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From Social To Community Tokens
How Social tokens are shifting from helping content creators better monetize to allowing building a future where decision making & flow of funds are fully transparent, uncensorable, and immutable.
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When I first became interested in Social Tokens in early 2021, they weren't really a thing. The "Creator Economy" was the trending space to be in, and despite the promise social tokens would help creators make a living out of their passion without having to work a 9-5 to achieve wealth, few of them had actually created their tokens.
But many things have changed since then.
In 2021, the Social Token market (which had existed for a couple of years) grew by over 500% from January to June. The number of addresses holding social tokens grew by ~200%, and there were 10 million tokens in circulation with a fully diluted valuation of $330 million.
That's what we call an incredible turnaround.
In early 2022, the craze doesn't seem to slow down, and it's honest to say that the Social Token revolution is slowly happening and seems here to stay.
So the question you probably ask yourself now is - “Wait, why this turnaround? Did everyone suddenly realize the social tokens' power? Or is there a more profound reason?”
As you've already surely guessed from this article's title, yes, there HAS been a significant shift in how social tokens are seen: creators realized that the true power of tokens resides in their power to gather communities, not in their ability to help creators better monetize.
But to understand how all of this happened, we have to jump back to the past, in a time where social tokens were seen solely as "Fans Tokens."
1 - The original use-cases of Social tokens
The creation of value in our ever-more digital world has drastically changed, for the better or the worst. Teens dancing on TikToks can earn more money in one video than top execs in traditional companies because we're now living in an attention economy (sorry, I don't make the rules), and the ones knowing how to capture it are the great winners.
But behind this new paradigm exists a sadder reality: this new economy only benefits a handful of creators, with less than 4% of the estimated 50 million creators earning a living from their creations.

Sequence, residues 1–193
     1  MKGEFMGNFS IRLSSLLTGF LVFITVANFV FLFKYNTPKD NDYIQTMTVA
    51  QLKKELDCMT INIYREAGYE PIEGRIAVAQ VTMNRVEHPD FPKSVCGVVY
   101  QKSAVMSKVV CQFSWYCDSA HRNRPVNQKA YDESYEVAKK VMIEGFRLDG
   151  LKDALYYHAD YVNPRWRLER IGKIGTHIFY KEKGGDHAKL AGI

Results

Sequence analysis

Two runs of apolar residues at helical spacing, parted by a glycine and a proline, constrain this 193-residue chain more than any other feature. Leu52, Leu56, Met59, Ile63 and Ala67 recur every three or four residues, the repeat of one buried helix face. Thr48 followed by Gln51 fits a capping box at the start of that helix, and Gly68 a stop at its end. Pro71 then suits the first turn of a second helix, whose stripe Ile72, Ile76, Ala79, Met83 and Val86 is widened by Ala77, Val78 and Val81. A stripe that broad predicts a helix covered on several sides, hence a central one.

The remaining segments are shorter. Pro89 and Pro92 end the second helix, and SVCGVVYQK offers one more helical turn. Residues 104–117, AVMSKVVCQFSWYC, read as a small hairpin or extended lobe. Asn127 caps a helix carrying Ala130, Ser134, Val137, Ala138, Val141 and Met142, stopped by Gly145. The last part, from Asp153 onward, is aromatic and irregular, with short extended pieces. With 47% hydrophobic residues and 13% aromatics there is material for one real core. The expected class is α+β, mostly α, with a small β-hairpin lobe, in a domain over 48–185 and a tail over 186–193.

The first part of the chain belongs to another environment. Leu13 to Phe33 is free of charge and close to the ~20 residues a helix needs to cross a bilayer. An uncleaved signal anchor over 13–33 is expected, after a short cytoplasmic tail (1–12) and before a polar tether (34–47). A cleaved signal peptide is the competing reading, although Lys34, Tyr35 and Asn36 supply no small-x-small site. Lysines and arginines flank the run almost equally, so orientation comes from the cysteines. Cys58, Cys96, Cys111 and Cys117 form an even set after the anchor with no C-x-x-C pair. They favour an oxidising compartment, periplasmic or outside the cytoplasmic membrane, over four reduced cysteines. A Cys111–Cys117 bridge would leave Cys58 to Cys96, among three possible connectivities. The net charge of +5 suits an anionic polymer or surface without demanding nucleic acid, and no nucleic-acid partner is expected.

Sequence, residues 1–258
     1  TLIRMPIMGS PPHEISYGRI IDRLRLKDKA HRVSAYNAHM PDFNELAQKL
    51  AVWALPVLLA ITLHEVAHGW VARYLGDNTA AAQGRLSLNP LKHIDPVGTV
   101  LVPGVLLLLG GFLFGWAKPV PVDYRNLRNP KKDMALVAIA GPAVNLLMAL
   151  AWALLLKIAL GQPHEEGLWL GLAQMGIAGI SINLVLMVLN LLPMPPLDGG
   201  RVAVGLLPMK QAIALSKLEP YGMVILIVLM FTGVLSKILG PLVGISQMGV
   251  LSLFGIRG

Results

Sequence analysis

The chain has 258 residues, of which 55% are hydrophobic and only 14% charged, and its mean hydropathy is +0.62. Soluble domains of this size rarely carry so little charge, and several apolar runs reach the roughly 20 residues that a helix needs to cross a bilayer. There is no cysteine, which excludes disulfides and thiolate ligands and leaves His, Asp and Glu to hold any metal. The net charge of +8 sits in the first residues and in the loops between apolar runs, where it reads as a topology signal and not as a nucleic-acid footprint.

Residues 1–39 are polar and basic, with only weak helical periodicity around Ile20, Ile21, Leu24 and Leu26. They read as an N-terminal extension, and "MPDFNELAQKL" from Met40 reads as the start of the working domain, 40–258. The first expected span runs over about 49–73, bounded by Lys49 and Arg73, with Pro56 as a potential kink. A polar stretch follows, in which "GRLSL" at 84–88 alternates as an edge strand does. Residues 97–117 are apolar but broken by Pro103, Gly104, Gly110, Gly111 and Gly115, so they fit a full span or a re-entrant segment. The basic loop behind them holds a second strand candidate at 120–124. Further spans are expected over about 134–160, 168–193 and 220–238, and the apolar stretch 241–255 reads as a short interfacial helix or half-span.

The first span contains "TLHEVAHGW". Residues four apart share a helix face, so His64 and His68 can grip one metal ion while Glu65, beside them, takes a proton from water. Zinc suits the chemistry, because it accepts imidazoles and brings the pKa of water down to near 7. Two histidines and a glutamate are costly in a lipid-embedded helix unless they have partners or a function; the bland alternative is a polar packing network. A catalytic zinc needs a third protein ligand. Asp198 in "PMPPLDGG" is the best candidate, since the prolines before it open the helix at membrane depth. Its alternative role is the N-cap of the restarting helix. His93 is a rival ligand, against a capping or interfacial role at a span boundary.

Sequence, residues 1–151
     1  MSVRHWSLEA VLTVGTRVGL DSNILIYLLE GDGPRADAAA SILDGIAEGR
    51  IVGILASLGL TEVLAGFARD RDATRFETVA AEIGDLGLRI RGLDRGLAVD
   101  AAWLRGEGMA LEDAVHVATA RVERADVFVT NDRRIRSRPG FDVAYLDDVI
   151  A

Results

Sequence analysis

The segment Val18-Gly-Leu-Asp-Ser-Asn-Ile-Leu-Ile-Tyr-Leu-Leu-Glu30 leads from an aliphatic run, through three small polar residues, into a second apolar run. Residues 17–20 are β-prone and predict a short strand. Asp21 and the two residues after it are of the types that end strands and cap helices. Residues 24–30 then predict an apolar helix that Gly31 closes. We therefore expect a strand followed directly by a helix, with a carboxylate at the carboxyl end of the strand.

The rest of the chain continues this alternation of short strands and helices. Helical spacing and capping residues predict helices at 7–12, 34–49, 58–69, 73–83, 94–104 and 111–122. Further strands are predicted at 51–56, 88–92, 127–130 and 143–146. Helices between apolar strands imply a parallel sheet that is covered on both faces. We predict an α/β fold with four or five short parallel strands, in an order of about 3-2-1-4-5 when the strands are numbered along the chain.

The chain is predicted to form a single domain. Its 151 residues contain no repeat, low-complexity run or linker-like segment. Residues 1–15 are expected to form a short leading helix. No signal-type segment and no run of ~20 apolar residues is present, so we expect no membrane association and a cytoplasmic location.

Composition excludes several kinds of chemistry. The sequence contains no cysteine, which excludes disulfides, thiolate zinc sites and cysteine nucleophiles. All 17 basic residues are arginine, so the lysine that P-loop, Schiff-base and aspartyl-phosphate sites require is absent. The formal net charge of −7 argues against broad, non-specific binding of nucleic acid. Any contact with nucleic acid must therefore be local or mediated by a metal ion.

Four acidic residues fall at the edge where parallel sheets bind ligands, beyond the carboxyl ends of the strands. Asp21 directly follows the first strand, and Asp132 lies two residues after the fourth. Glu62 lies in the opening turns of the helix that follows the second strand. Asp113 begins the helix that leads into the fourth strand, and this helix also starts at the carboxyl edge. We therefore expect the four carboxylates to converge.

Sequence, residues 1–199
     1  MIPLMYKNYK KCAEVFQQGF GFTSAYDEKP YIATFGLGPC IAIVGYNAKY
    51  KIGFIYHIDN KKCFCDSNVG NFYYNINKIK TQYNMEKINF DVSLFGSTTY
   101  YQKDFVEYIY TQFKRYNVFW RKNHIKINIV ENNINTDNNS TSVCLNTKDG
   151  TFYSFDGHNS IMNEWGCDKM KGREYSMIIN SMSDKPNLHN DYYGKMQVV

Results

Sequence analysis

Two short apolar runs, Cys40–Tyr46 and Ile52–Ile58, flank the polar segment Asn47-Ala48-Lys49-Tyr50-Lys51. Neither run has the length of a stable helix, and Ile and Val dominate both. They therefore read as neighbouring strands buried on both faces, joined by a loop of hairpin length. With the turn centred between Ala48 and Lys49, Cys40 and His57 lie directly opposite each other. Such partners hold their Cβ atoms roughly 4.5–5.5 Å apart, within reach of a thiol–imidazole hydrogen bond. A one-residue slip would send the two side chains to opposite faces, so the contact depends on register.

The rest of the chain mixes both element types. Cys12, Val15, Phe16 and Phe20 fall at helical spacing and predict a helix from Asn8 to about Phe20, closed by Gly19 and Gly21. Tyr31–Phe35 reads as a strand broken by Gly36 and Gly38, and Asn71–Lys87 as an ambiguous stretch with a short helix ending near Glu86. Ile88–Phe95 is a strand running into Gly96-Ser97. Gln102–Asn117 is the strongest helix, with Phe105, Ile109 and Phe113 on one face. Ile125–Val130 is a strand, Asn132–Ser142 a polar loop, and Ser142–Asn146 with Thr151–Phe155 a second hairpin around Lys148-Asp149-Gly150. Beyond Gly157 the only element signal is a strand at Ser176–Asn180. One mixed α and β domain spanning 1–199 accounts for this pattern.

Inequalities suck, and social tokens originally saw an urge of interest from creators seeing in this technology a better way to interact with their fans and monetize their audience better, the tokens serving as a pass to access premium content and exclusive experiences.
By letting only their biggest fans, those holding a sufficient amount of tokens, access their community, creators would more easily foster a sustainable community (less spam), ensures members have skin in the game (not only passive members or commenters), and incentivizes community members to make the overall community desirable to join over the long-term (the more desirable the community, the more valuable the token will be). By purchasing the creator's token, fans would further commit to their favorite creators and build a positive feedback loop that nurtures healthy fan communities built around a shared passion.
Originally, social tokens were seen as a way to provide a way for super fans to show their loyalty, and for creators to get initial liquidity and better capture the value, they are creating.
It sounds like a good deal, isn't it? Well, it was, but creators never widely adopted social tokens for multiple reasons.
2 - The problems encountered
For social tokens to be widely adopted by creators worldwide, we needed seamless ways for creators to implement them in their communities. Creators are not all tech-savvy, and the slightest blocker in the workflow would have discouraged many of them from leveraging this new tool.
And as you can imagine, they encountered more than one blocker…
They were difficult to implement for solo creators - They afforded a lot of advantages that creators could only unleash with a big enough community while being fairly complicated to implement for non-tech-savvy creators. Compared to the little short-term advantages for creators & fans, the time and trouble of implementing the token were simply not worth it.
To give a financial value to the tokens, creators had to put money upfront - Big creators who could afford to create a Liquidity Pool (the mechanism giving financial value to a token) and put money upfront already had plenty of ways to monetize their audience and didn't really need the token to monetize better. On the other hand, small creators, the ones who needed the most a token to engage and monetize their community better, couldn't afford to put ~$100K upfront in the hope of potential future revenue. Therefore, their tokens weren't tradable on an open market, limiting the opportunities that could have come with it.
NFTs became mainstream - Creators realized NFTs would actually be much easier to implement. Given the hype around NFTs, fans were keener to buy NFTs than social tokens, and it was easier for creators to make NFTs because, once created and implemented, the job was (almost) done. NFTs could serve as virtual passes, didn't need liquidity, and fans hoping for financial returns simply had to invest and wait until the creator did the work and created a hype around their project to sell.